my-friend-has-dyslexiaMy friend Darius has a disability called dyslexia. But that doesnt matter to us. We make our own comics, help each other with our homework, and volunteer at a nearby animal shelter. Im glad Marius is my friend!

 

 

the-dont-give-up-kidThis revised edition about Alex, a child with learning disabilities, has been updated with completely new illustrations and reflects the use of the latest tactile techniques used in schools. In this story, Alex is inventing a cookie snatcher, but his lack of reading skills and impatience means that he needs extra help. There are new discussion starters for parents and professionals, and positive solutions are presented to help build a positive image for the learning-disabled child.

 

if-you-are-so-smartKatie always thought her dad was smart; he is one of the busiest attorneys in town! People are always asking him for advice! She has been a bit confused since asking him for help with her weekly spelling list. How can her very smart dad struggle with one of her spelling words? This definitely didn’t make sense. The word Mississippi has changed everything…

 

 

hank-zipzerInspired by the true life experiences of Henry Winkler, whose undiagnosed dyslexia made him a classic childhood underachiever, the Hank Zipzer series is about the high-spirited and funny adventures of a boy with learning differences.

 

 

All five books in the blockbuster Percy Jackson and the Olympians series, in paperback, have been collected in a boxed set fit for demigods. Now with glorious new cover art and packaged with a special poster, this value-priced set includes the best-selling The Lightning ThiefThe Sea of MonstersThe Titan’s CurseThe Battle of the Labyrinth, and The Last Olympian. Whether it is for readers who are experiencing Percy’s thrilling adventures with Greek gods and monsters for the first time, or for fans who want to devour the saga again, this gift will be prized by young and old.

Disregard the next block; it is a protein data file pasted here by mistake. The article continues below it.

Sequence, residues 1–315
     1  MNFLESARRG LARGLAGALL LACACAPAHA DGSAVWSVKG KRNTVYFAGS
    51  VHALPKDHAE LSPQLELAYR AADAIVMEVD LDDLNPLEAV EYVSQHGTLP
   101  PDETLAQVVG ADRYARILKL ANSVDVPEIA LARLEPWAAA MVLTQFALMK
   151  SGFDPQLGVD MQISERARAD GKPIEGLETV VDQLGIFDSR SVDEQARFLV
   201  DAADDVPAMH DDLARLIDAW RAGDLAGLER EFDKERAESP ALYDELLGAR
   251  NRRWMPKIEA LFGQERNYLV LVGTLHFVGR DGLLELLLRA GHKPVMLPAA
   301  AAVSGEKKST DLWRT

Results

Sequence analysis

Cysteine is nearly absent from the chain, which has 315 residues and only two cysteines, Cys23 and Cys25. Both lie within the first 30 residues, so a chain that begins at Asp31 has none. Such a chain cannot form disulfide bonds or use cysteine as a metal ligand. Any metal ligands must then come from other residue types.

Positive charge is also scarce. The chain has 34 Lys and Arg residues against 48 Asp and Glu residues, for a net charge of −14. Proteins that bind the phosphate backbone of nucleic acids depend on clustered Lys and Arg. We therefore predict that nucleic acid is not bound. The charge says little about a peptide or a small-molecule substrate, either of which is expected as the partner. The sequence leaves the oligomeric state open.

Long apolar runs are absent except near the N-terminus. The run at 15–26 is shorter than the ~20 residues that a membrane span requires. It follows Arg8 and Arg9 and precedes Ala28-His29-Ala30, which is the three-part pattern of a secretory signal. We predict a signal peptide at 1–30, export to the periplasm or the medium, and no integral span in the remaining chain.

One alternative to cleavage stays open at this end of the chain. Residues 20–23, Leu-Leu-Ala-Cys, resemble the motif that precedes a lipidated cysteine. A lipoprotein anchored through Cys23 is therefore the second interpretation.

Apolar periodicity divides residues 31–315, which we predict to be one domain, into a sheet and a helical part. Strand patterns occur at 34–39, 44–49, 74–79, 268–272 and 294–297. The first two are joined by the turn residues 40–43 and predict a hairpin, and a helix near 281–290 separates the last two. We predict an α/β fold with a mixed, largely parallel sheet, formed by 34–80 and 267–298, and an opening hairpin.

fish-in-a-treeAlly has been smart enough to fool a lot of smart people. Every time she lands in a new school, she is able to hide her inability to read by creating clever yet disruptive distractions.  She is afraid to ask for help; after all, how can you cure dumb? However, her newest teacher Mr. Daniels sees the bright, creative kid underneath the trouble maker. With his help, Ally learns not to be so hard on herself and that dyslexia is nothing to be ashamed of. As her confidence grows, Ally feels free to be herself and the world starts opening up with possibilities. She discovers that there’s a lot more to her—and to everyone—than a label, and that great minds don’t always think alike.

i-have-dyslexiaDelaney was diagnosed with dyslexia. What does that mean? How should she explain dyslexia to her friends and her teachers? Will Delaney learn to read, write and spell? Can she be successful in school? Understand dyslexia through the eyes of an eight year-old girl and learn how to explain dyslexia to school-aged children.